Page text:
Why do you need to be able to smell in order to taste?

  • Thread starter gravenewworld
  • Start date
  • Tags
    Smell
In summary, our ability to taste is closely linked to our sense of smell, with about 90% of taste being influenced by our olfactory senses. The nose is a specialized organ that can detect a wider range of molecules compared to our basic taste receptors on the tongue. While taste and smell may not be essential for survival, they work together to help us identify and enjoy different flavors in our food. The exact mechanisms of how olfactory senses work and the processing involved in the brain are still not fully understood.
  • #1
1,132
26
I always wondered, why you have to be able to smell in order taste anything. Right now my sinuses are so clogged up from allergies, I can not taste one single thing. Why is this?
 
Biology news on Phys.org
  • #2
I heard that 90% of taste is smell. If you smell something and then taste it you'll find they give off the same essence. :smile:
 
  • #3
probably your nerve endings are connects...look up olfactory senses
 
  • #4
Because you do not really taste anything, you smell it.

You can only taste things like, sweet, sour, bitter, salt and umami.

Our taste is not better than needed to make sure we eat good food. Same for smell. It isn't there for our enjoyment in the first place.
 
  • #5
As Daevren said, we only have a few very basic taste receptors on our tongue. The nose is a very specialized organ and can discriminate many more different molecules.
 
  • #6
Daevren said:
Because you do not really taste anything, you smell it.

You can only taste things like, sweet, sour, bitter, salt and umami.

I guess it also depends on what you are going to taste or smell, and all of those flavors can be smelt if their concentrations are really high i.e an extremely hot and extremely sweet soup which you don't need to taste in actuality, or a sour yogurt doesn't need you to taste whereas you still realize it is sour...
 
  • #7
This is true. When I have to drink terrible health drink (or shot glasses hehe) I hold my nose..If you don't smell it you don't tase it.

So why is it a sense?
 
  • #8
Why is it a sense? You have got receptors that recognize certain molecules and transform the input into an electrical signal that is transferred to the brain. Maybe someone could look up exactly how olfactory senses work.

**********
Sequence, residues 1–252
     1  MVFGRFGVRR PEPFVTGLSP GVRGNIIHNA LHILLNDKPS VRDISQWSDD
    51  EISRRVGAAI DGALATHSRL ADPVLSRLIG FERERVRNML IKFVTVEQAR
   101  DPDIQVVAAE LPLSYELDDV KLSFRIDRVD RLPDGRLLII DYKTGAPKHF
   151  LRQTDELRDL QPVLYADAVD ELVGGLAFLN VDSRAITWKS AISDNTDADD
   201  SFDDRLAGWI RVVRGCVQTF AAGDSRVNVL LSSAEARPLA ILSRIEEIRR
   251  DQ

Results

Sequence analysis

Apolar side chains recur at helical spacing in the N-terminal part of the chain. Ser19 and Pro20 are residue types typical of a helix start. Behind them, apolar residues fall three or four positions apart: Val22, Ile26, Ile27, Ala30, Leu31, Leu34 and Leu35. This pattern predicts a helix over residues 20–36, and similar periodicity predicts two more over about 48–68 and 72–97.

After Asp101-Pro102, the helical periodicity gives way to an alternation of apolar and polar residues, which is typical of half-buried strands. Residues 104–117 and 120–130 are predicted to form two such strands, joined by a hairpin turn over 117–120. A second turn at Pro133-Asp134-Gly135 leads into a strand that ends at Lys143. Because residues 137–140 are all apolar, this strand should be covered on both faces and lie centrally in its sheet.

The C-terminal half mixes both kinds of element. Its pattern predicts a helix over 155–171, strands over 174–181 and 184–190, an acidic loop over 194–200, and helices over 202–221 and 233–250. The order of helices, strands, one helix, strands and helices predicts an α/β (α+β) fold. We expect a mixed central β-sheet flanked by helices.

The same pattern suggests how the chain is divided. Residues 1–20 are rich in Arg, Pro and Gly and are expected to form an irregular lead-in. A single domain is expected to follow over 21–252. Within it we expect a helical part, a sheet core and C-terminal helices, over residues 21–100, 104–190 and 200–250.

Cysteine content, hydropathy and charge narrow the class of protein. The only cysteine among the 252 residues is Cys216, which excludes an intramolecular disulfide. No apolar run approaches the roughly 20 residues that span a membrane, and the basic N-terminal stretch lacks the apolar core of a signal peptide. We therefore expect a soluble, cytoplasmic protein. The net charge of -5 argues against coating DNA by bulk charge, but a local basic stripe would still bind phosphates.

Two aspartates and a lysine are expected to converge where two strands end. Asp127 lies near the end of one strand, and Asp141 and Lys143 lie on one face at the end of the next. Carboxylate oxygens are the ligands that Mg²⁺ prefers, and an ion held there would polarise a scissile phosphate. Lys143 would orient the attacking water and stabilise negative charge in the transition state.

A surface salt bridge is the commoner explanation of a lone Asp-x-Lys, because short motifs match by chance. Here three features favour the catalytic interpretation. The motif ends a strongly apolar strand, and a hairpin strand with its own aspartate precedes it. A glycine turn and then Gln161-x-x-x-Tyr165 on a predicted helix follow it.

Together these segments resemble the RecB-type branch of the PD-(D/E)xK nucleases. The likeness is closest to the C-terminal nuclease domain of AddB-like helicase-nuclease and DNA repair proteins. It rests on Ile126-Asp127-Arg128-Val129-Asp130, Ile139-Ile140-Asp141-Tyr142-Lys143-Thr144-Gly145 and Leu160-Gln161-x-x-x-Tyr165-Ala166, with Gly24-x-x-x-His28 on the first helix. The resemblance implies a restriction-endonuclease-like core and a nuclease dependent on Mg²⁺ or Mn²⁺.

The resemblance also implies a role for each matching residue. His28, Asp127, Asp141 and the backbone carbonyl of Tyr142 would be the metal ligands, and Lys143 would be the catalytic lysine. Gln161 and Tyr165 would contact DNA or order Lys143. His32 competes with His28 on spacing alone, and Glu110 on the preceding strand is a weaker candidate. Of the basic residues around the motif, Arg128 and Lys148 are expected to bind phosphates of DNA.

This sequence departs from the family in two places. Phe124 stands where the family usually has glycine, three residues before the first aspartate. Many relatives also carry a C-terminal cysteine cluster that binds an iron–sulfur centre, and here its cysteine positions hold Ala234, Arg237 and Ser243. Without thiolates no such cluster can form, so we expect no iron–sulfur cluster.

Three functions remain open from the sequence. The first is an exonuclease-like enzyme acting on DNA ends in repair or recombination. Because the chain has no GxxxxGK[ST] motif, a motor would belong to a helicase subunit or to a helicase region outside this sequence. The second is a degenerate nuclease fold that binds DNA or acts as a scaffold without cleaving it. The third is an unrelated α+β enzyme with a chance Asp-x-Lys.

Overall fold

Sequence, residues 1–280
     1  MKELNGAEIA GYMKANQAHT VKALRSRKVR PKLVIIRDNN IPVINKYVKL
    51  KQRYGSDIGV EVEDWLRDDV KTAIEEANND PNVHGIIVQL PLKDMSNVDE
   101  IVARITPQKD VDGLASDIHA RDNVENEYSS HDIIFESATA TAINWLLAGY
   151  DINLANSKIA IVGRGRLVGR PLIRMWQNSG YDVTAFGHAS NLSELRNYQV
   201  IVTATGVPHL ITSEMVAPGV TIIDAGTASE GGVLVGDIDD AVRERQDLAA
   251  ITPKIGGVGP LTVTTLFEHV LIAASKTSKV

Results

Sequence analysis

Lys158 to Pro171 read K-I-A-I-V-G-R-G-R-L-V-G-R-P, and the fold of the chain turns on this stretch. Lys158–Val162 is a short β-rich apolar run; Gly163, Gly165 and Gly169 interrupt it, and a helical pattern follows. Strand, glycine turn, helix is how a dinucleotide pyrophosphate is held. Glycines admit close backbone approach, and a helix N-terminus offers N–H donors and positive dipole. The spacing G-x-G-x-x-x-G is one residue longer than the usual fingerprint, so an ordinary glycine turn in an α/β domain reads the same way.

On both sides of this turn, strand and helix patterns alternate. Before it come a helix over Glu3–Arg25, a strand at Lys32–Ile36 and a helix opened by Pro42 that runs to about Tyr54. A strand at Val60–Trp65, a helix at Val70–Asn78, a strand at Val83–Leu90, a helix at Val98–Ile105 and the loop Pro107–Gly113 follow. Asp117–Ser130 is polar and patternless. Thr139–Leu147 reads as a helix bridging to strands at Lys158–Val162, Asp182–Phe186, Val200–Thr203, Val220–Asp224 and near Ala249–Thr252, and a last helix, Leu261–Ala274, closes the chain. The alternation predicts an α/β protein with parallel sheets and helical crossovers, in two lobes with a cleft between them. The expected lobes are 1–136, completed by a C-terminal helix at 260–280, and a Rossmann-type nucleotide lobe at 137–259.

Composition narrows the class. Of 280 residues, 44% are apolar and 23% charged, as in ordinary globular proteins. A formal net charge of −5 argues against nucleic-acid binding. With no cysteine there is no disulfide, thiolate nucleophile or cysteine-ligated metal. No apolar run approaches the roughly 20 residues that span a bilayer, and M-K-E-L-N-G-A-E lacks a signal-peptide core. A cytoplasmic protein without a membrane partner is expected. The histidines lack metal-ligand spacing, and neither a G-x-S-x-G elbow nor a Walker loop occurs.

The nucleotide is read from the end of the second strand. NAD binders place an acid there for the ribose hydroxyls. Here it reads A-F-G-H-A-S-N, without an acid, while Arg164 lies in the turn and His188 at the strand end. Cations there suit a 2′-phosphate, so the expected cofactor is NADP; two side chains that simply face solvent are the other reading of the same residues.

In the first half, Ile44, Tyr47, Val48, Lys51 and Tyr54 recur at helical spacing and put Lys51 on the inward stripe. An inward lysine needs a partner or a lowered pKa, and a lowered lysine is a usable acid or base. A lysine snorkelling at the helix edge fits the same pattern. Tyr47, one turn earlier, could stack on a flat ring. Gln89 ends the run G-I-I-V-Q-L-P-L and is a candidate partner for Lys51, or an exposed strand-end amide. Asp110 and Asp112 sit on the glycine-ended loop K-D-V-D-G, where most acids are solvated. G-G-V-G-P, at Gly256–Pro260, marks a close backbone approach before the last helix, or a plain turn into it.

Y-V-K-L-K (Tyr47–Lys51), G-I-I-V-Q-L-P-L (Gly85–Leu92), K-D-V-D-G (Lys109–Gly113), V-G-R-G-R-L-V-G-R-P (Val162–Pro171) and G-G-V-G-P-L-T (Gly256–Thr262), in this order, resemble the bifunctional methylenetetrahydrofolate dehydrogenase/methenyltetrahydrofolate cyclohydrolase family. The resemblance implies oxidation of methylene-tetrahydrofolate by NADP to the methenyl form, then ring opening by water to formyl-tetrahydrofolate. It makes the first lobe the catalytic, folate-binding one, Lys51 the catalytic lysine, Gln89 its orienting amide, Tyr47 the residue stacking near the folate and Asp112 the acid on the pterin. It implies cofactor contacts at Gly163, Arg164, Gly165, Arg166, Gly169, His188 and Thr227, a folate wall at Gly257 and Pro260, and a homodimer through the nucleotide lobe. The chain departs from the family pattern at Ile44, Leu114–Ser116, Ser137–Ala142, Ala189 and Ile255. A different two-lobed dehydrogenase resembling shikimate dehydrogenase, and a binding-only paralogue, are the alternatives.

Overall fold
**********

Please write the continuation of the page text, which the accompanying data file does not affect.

• #9
Interestingly, even olfactory receptors are somewhat limited in the number of chemicals they recognize. There is a lot of processing in the brain that isn't well understood. (Did you know this year's Nobel Prize in Physiology and Medicine went to folks studying olfaction?) There is a lot of context-dependent processing, so I would hazard the guess that the combination of smell and taste provides more information about the food than either alone in order to sort the identity of the food.
 

1. Why is smell important for taste?

Smell is important for taste because the majority of what we perceive as taste is actually coming from the olfactory system. Our taste buds can only detect five basic tastes (sweet, salty, sour, bitter, and umami), but our sense of smell can detect thousands of different aromas. These aromas combine with the taste information from our taste buds to create the complex flavors we experience when eating or drinking.

2. Can you taste without the ability to smell?

No, it is not possible to fully taste without the ability to smell. While you may still be able to detect the basic tastes, your experience of flavor will be greatly diminished. This is why foods and drinks often taste bland when you have a cold or stuffy nose.

3. How does smell affect taste?

Smell affects taste by enhancing and modifying the flavors we perceive. When we smell something, the molecules from that substance enter our nasal cavity and bind to receptors in our olfactory system. These receptors send signals to our brain, which then combines them with taste information to create the perception of flavor.

4. What happens if you lose your sense of smell?

If you lose your sense of smell, your ability to taste will also be affected. This can lead to a decreased enjoyment of food and can even affect your appetite. In some cases, a loss of smell can also be a sign of a larger underlying health issue, so it is important to speak with a medical professional if you experience a sudden loss of smell.

5. Can you train your sense of smell to improve your taste?

Yes, you can train your sense of smell to improve your taste. This is often done through activities such as wine tasting or sensory exercises, which help to develop a stronger connection between your olfactory system and taste buds. Some experts also recommend incorporating a variety of flavors and spices into your diet to help expand your palate and enhance your ability to taste different flavors.

Similar threads

  • Chemistry
Replies
16
Views
2K
  • Biology and Medical
Replies
2
Views
2K
  • Biology and Medical
Replies
7
Views
2K
  • Biology and Medical
Replies
23
Views
12K
Replies
8
Views
7K
  • Biology and Medical
2
Replies
44
Views
18K
  • Sci-Fi Writing and World Building
Replies
2
Views
2K
  • Biology and Medical
Replies
4
Views
4K
Replies
2
Views
789
  • General Discussion
Replies
19
Views
2K
Back
Top